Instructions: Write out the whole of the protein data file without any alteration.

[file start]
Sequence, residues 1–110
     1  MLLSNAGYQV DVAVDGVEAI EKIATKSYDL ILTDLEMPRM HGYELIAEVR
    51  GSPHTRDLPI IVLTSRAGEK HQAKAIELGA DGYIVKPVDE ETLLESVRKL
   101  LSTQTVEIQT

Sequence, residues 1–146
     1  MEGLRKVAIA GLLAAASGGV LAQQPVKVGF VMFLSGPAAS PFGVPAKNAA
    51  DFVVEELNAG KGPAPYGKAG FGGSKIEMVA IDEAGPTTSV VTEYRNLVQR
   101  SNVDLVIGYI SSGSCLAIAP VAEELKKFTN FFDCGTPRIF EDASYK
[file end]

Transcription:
Sequence, residues 1–110
     1  MLLSNAGYQV DVAVDGVEAI EKIATKSYDL ILTDLEMPRM HGYELIAEVR
    51  GSPHTRDLPI IVLTSRAGEK HQAKAIELGA DGYIVKPVDE ETLLESVRKL
   101  LSTQTVEIQT

Sequence, residues 1–146
     1  MEGLRKVAIA GLLAAASGGV LAQQPVKVGF VMFLSGPAAS PFGVPAKNAA
    51  DFVVEELNAG KGPAPYGKAG FGGSKIEMVA IDEAGPTTSV VTEYRNLVQR
   101  SNVDLVIGYI SSGSCLAIAP VAEELKKFTN FFDCGTPRIF EDASYK